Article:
Looking at address differences from one element to the next (just 106 elements) shows that especially for s_new, the elements are nicely sequentially arranged in memory (99.2% of the time the next element came 32 bytes later), while for s_yes they're totally not (just 0.01% came 32 bytes later):

s_yes:
    741022 different address differences occurred. Top 5:
    Address difference 32 occurred 102 times.
    Address difference 0 occurred 90 times.
    Address difference 64 occurred 37 times.
    Address difference 96 occurred 17 times.
    Address difference 128 occurred 9 times.

s_not:
    1048 different address differences occurred. Top 5:
    Address difference 32 occurred 906649 times.
    Address difference 96 occurred 8931 times.
    Address difference 64 occurred 1845 times.
    Address difference -32 occurred 1816 times.
    Address difference -64 occurred 1812 times.

s_new:
    19 different address differences occurred. Top 5:
    Address difference 32 occurred 991911 times.
    Address difference 96 occurred 7825 times.
    Address difference -524192 occurred 117 times.
    Address difference 0 occurred 90 times.
    Address difference 64 occurred 37 times.

Code for that:

from collections import Counter

for s in 's_yes', 's_not', 's_new':
    print(s + ':')
    ids = list(map(id, eval(s)))
    ctr = Counter(j - i for i, j in zip(ids, ids[1:]))
    print('   ', len(ctr), 'different address differences occurred. Top 5:')
    for delta, count in ctr.most_common(5):
        print(f'    Address difference {delta} occurred {count} times.')
    print()
2
  • A better illustration for why this is about locality would be to make s_yes = list(range(10**7)), and s_not = s_yes[:], random.shuffle(s_not). Now the sorted array is also contiguously allocated, while the unsorted array is non-contiguous, so the timings should reverse. Commented Nov 14, 2021 at 13:38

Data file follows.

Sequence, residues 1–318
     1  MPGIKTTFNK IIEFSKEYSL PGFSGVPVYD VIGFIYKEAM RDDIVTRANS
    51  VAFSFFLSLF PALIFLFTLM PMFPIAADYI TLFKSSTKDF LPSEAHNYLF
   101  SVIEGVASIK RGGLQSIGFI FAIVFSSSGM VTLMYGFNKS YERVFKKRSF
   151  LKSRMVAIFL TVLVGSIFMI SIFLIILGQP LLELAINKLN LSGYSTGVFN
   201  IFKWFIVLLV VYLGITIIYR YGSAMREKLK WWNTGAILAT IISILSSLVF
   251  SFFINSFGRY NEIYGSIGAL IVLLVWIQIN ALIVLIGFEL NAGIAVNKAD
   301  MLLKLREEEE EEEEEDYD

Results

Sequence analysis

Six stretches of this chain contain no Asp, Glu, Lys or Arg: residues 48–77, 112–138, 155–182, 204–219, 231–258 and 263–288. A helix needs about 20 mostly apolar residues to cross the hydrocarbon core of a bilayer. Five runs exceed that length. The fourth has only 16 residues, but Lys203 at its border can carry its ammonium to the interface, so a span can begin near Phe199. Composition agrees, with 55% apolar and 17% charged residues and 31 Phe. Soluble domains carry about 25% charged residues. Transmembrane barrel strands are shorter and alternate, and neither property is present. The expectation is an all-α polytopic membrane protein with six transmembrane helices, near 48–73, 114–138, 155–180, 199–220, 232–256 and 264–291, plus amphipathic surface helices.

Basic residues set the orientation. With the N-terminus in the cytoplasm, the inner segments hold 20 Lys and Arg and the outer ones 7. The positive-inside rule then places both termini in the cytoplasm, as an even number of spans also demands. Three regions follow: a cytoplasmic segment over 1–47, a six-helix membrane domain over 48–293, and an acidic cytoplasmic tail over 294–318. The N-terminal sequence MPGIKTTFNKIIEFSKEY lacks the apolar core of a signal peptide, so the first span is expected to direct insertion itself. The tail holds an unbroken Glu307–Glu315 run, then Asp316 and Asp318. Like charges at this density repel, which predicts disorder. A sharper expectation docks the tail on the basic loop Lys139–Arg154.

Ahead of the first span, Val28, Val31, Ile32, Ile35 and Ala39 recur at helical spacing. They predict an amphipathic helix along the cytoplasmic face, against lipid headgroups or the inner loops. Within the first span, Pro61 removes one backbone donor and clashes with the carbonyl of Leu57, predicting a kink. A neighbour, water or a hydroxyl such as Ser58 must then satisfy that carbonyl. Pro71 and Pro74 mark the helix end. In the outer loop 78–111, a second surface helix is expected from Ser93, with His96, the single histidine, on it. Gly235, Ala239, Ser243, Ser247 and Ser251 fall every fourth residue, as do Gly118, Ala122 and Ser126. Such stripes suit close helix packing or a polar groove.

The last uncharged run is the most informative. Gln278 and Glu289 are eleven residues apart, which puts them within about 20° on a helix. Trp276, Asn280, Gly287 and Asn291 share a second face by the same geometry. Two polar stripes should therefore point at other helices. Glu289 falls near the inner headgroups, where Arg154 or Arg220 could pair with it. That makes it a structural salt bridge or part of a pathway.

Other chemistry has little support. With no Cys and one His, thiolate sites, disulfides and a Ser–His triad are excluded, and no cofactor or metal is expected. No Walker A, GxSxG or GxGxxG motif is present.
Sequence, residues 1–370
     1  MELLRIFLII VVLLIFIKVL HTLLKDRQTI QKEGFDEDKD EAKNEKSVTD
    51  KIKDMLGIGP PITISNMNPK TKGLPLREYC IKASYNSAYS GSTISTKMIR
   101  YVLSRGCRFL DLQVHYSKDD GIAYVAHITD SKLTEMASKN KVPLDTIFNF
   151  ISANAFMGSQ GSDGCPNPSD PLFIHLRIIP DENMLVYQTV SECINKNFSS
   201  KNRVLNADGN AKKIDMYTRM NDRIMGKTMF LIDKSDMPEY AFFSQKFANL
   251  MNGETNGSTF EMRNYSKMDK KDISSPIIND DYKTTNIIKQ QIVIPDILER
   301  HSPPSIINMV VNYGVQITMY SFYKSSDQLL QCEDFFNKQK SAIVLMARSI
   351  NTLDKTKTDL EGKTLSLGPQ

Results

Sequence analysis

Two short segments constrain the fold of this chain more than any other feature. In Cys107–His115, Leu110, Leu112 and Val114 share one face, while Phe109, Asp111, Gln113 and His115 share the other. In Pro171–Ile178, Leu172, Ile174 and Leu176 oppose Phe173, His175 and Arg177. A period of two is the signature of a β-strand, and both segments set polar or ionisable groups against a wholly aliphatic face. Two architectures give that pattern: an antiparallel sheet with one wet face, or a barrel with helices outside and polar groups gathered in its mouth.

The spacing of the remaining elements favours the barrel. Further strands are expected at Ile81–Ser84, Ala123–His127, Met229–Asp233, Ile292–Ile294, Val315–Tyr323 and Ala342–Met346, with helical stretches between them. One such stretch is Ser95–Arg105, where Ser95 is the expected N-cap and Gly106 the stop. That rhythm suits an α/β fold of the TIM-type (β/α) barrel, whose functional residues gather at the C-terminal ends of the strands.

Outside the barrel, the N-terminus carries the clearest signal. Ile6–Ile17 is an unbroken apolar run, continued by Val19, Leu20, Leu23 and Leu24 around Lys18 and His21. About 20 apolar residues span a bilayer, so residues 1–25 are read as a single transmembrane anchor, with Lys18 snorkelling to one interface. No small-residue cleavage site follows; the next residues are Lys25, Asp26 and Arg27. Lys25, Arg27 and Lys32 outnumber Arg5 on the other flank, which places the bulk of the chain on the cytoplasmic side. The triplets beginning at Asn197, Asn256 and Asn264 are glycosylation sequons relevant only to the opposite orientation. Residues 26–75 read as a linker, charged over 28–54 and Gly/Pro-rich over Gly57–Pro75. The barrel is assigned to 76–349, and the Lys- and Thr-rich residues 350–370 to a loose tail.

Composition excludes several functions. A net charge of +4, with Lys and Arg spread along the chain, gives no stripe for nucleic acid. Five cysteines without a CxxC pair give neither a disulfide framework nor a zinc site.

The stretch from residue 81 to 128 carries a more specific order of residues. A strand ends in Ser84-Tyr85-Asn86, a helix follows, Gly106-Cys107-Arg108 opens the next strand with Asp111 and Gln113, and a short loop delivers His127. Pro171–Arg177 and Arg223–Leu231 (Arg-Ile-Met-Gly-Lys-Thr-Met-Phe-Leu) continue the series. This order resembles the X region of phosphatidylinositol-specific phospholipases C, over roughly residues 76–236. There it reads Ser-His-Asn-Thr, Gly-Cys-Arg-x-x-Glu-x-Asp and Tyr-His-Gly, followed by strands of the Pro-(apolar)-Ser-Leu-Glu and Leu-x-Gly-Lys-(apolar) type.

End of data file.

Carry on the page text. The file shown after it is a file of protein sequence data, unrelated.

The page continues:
• @ShadowRanger Hmmm, I don't think that's "better". About equally good maybe. But it's further away from their data.
    – no comment
    Commented Nov 14, 2021 at 14:27
5

The answer is likely locality of data. Integers above a certain size limit are allocated dynamically. When you create the list, the integer objects are allocated from (mostly) nearby memory. So when you loop through the list, things tend to be in cache and the hardware prefetcher can put them there.

In the sorted case, the objects get shuffled around, resulting in more cache misses.

3
  • Most definitely. Accessing data randomly after allocating memory in a given order is slower than accessing it sequentially in the original order. Doing this in reverse shows that the sort has nothing to do with it (except by changing the access order). i.e. starting with s_yes as a range and s_not as a shuffled copy for s_yes results in longer times for s_not.
    – Alain T.
    Commented Nov 13, 2021 at 1:07
  • 4
    That "a certain size" is 256.
    – user17242583
    Commented Nov 15, 2021 at 21:04
  • 2
    @user17242583 subject to change, of course. I think it's already changed once in the past. Commented Nov 16, 2021 at 16:42